Display crop size next to the editing window

#1

The info box on the left (with the EXIF data) contains only the original image size. To see the size of the crop, I have to click on the cropping tool again, wait for it to activate, and then read the crop size displayed in tiny digits in the bottom right corner of the cropping window. It would be very convenient to see the crop size displayed in ordinary font size next to the image.

(Platypus) #2

And it would be nice if we could enter the pixel sizes in there too.

2 Likes
(Alec Kinnear) #3

@rwerp Where exactly would you like this displayed? The last thing I’d like to see is the PhotoLab interface become as cluttered as Lightroom or C1. I’m using PhotoLab thanks to the noise reduction on Canon images (offers photographers a new camera with two more usable ISO stops, competitive low light with A7 III, A7R III, D850, S1/S1R, Z6/Z7) and thanks to the attractive simple interface with a clear workflow. Part of the workflow is the simplicity of the interface and the easy to build and modify presets.

Adding too much information on the screen ruins the interface. I have almost all of the info turned off in the display of my cameras as well. The only info I need to know when shooting is shutter speed, aperture and ISO. The rest is just distracting noise. Same deal when working in PhotoLab.

The PhotoLab interface is so good that it might have been created by a team working on a pro app directly under Steve Jobs in his prime. It’s the spirit of what is necessary, not one piece of information more, not one piece of information less.

#4

For example, it might pop up when I hover the mouse over the edge of the image.

I disagree about the “distracting noise”. I use the histogram often, for example.

(Alec Kinnear) #5

That’s interesting you mention the histogram. For three months I shot with the histogram and was thrilled to have such available such a powerful exposure tool. At one point, I realised that watching the histogram was getting between me and the image.

At about the same time, I also did some tests which showed my A7 III has a full stop and a half of headroom above the histogram (Sony definitely does not want photographers losing their highlights – part of their marketing proposition). So what I did on my A7 III was enable zebras but my custom zebras start at 106, i.e. theoretically over maximum exposure. This way I adjust to the maximum exposure pleasant still to my eyes (I don’t like EVF but if we have them let’s use them to the max). If I see zebras I know those are burnt out highlights and have to pull back or lose them.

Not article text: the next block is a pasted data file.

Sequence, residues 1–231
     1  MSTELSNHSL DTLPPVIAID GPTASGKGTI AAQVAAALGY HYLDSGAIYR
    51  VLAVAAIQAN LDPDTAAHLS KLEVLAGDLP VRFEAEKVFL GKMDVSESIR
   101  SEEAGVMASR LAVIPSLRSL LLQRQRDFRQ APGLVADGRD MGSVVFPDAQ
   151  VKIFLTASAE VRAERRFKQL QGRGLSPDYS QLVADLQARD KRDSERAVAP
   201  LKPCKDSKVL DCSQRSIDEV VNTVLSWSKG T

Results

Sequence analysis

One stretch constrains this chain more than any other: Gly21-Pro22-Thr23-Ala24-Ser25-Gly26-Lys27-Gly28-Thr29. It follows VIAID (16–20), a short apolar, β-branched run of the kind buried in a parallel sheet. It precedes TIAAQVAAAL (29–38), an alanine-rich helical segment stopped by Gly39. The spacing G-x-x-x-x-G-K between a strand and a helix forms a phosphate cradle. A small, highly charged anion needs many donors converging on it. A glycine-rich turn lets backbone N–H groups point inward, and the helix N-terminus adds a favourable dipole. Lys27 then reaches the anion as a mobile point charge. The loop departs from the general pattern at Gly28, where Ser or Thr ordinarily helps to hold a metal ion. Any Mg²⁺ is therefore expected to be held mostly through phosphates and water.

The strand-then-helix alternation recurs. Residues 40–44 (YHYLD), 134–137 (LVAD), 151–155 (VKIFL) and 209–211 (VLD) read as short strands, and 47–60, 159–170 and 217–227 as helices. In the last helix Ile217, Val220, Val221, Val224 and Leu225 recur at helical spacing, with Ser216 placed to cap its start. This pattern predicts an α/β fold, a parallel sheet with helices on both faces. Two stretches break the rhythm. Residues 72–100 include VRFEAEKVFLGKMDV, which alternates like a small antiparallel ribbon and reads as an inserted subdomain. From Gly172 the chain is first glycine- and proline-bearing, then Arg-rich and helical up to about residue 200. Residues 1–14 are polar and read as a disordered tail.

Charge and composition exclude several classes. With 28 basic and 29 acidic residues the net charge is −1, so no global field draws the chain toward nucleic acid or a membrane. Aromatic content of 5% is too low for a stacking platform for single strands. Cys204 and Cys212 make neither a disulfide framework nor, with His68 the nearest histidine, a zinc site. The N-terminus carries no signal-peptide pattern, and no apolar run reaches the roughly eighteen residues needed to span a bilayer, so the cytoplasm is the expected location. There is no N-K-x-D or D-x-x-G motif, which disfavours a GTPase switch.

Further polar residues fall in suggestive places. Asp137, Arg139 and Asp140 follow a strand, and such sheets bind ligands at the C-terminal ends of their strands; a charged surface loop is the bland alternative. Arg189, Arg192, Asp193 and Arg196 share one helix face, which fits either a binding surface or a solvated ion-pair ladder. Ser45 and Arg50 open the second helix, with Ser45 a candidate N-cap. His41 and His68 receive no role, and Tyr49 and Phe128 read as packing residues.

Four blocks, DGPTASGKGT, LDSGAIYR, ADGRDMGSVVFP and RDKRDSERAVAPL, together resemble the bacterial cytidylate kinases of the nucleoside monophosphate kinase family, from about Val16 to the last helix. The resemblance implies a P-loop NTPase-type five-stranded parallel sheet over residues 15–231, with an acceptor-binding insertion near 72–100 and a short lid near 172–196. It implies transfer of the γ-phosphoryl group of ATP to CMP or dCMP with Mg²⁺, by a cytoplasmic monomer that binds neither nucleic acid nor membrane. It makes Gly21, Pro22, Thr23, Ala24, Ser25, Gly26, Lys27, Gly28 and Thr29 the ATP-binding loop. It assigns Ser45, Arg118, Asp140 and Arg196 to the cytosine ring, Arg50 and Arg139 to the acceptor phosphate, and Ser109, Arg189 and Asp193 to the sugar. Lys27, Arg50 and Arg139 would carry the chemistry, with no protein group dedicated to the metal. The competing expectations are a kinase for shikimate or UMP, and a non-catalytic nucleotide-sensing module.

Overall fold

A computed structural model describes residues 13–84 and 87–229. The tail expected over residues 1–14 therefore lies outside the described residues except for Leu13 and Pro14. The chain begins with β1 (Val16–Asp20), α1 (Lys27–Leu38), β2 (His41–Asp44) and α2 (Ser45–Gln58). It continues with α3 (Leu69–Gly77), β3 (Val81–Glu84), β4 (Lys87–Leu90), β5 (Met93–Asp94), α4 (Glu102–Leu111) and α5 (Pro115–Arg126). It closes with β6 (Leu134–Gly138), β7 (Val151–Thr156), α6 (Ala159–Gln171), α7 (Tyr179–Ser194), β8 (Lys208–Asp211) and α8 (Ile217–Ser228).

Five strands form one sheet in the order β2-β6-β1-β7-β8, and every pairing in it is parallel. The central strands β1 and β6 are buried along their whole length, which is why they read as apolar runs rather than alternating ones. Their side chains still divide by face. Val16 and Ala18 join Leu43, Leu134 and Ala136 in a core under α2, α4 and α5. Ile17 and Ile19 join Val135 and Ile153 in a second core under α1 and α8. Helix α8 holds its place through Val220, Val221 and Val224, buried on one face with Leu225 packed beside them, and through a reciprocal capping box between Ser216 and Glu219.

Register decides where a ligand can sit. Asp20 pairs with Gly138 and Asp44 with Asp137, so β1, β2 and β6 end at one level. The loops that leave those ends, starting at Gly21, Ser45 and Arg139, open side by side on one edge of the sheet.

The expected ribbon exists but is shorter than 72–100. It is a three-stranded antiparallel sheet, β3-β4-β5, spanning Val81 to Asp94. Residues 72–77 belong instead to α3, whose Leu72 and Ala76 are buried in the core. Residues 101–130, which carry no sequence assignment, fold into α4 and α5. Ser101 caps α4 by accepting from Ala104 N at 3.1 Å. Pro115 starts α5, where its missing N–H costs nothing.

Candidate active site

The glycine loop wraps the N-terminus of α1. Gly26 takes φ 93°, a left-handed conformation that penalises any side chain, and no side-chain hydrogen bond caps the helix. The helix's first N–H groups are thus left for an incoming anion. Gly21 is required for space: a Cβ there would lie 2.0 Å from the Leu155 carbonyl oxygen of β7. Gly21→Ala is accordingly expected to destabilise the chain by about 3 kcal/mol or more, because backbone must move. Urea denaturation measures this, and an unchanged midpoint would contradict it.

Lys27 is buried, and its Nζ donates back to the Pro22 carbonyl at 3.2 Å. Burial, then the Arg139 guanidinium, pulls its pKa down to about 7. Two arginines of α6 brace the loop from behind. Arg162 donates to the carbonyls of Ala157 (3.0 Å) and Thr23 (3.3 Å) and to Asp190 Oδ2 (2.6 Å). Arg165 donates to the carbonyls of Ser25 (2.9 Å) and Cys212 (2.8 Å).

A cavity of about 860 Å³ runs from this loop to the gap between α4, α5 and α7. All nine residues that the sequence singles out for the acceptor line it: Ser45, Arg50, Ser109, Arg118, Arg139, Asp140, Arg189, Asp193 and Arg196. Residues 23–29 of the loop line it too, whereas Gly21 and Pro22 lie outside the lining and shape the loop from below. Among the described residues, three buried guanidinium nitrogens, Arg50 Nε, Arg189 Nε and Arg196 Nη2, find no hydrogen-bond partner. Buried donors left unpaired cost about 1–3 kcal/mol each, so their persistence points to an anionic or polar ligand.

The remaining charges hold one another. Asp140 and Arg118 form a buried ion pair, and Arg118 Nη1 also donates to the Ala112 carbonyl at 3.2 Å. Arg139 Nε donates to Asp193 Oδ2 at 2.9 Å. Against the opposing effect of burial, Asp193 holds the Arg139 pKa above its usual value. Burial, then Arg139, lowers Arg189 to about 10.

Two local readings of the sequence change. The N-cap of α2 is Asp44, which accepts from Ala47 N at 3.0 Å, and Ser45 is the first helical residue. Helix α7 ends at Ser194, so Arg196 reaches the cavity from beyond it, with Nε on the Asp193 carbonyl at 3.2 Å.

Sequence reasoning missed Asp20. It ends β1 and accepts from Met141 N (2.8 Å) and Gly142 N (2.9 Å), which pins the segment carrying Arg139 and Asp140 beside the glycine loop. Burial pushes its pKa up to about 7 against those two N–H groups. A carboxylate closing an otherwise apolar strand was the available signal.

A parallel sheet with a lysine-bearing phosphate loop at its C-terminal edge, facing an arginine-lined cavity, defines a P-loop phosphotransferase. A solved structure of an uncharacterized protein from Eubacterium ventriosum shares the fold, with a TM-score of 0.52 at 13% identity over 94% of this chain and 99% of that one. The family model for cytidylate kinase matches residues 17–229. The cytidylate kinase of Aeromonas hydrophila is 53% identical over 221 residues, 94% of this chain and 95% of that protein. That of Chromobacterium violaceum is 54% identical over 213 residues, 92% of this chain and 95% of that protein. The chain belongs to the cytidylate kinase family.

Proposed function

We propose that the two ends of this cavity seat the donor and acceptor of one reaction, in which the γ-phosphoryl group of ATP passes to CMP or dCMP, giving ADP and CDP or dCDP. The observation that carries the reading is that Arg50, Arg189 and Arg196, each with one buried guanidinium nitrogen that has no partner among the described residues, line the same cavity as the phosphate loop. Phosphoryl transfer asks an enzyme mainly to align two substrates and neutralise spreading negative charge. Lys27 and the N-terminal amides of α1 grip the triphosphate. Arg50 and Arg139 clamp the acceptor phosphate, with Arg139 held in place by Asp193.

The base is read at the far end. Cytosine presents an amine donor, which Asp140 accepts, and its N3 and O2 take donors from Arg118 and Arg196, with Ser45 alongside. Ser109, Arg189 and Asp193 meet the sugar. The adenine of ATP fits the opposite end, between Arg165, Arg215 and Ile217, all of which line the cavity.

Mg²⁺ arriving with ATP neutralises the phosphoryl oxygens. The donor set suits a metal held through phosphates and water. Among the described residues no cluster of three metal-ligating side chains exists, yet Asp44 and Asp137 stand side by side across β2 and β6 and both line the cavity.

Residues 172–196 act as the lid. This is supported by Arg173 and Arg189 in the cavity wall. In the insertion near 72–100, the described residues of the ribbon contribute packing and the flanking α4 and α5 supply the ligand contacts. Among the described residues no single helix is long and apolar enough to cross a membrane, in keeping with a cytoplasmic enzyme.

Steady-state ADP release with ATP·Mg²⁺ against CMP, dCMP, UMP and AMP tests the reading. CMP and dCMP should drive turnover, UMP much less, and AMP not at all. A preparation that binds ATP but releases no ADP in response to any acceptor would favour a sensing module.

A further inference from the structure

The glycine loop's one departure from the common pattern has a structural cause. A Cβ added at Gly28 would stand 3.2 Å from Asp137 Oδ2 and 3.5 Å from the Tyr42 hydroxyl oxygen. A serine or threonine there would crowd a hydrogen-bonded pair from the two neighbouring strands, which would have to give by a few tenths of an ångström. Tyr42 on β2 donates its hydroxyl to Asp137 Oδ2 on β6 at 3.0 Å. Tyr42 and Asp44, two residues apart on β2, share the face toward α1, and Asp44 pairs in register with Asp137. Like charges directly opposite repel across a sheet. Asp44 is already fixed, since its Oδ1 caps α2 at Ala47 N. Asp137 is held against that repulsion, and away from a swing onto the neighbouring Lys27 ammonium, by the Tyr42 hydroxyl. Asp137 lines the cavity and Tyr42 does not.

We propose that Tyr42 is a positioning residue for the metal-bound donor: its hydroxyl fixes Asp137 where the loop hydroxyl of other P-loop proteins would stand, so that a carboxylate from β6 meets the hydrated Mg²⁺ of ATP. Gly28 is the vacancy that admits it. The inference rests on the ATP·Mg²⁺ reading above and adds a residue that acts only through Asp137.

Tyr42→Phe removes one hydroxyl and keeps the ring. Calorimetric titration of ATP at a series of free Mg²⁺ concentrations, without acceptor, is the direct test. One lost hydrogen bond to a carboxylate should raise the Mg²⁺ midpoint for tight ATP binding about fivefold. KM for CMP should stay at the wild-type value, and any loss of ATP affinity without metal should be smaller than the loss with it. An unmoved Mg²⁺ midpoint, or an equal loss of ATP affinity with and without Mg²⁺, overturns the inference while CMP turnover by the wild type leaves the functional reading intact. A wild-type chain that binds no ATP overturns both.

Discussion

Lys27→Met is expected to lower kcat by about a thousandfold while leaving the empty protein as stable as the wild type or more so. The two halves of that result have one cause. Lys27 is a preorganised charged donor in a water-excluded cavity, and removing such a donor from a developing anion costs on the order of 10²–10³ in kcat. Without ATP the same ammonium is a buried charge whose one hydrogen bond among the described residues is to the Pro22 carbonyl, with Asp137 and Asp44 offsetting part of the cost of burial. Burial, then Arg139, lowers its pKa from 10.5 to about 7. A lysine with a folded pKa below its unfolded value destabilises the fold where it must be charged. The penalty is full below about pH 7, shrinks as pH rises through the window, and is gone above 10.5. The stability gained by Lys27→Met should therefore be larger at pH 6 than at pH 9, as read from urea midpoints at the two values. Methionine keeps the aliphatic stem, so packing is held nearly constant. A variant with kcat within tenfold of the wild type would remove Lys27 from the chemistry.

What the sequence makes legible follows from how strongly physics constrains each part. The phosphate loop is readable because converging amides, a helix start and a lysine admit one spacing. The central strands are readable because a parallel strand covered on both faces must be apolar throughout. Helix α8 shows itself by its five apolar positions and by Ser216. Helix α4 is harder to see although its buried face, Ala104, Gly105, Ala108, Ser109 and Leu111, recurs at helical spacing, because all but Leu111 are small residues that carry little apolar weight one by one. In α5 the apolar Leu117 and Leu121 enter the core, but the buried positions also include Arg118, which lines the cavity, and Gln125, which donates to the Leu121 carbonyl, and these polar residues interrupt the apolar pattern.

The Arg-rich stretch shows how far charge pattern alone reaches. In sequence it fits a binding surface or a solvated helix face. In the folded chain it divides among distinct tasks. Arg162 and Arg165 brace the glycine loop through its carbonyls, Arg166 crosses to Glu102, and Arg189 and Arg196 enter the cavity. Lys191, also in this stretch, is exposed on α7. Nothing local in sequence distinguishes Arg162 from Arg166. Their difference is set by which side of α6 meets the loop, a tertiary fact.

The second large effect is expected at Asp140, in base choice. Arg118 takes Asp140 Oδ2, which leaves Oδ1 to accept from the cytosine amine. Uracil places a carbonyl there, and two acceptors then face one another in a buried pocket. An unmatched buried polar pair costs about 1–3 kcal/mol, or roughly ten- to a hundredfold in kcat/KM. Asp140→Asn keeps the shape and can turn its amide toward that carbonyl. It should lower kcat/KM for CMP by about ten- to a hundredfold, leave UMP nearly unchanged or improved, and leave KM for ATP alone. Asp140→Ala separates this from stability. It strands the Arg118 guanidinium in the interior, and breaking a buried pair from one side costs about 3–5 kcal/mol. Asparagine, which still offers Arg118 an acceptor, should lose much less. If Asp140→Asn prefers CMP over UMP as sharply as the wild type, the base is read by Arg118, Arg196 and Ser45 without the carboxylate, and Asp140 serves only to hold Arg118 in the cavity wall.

Henceforth no need for histogram and its distractions or even level (I had a view with level as well). If I really want to see a histogram or level, the one view I left was the full info display which includes all camera settings, histogram and level. Amazingly, I need to use it very little as I’ve learned the histogram already.

So, strangely enough, even a histogram is distracting noise when shooting. Same applies to seeing the number of pixels in a crop on a full time basis. Distracting noise. And I’m cropping and changing aspect ratio all the time. This is functionality I use.

Square root of two aspect ratio
#6

Funnily enough, I also prefer to have the viewfinder uncluttered when shooting. But the topic is about the UI of a RAW editor, not of your camera.

(Alec Kinnear) #7

Your example rwerp of how useful a histogram can be in the viewfinder. I just showed you how the histogram always on is also distracting noise.

Just as your individual pixel counts which is really just so much mathematical noise to have displayed during what should be a creative process, not a pixel counting process. If a photographer doesn’t know approximately how many pixels a certain crop is just by eyeballing the image and the crop, then s/he doesn’t know his/her camera well enough.

#8

Oh please. “Eyeballing the image” will not tell me if the crop is 2000 or 2100 pixels wide. Which matters because of how DxO export settings work (I’m sure you know what I mean).

(Alec Kinnear) #9

I don’t see how DxO export settings affect crop size. I export my images as full size and do resizing elsewhere. Much faster and gives me full masters on export. I don’t find using PhotoLab as an export engine for multiple sizes at all efficient (different formats: jpeg, tiff, dng does make sense to me). And no I would hate to see a busier editing interface so you can have more mathematical information on your screen to plan your export sizes.

On the other hand, the EXIF palette includes image size. There’s no good reason for that palette not to show cropped image size instead of full image size (image size doesn’t change between RAW files from the same camera). Clicking on the crop numbers could show original file measurements.

Yet and I’m testing here – when I have crop turned on I see exactly the crop size under the crop window.

I return to my original perspective – this request just complicates the application, making trouble where there is none.

#10

Well that’s your workflow which works for you. I have a different workflow which works for me. I agree that displaying the crop size in the EXIF palette could work.

I usually work with the crop turned off, after cropping. The area cropped out is too distracting.

I guess we’ll just have to agree to disagree on this one.

(Alec Kinnear) #11

I do too. But when you need to get the measurements they are available right there for the taking with a single button press. Pressing “r” will get you to the crop tool and pressing “m” will bring back the hand (“r” for recadrer and “m” for la main in French of course).

#12

Thanks for the reminder about they keyboard shortcuts. Of course there’s still the delay of waiting for the UI to react to it (which is can be non-negligible even on my pretty beefy machine).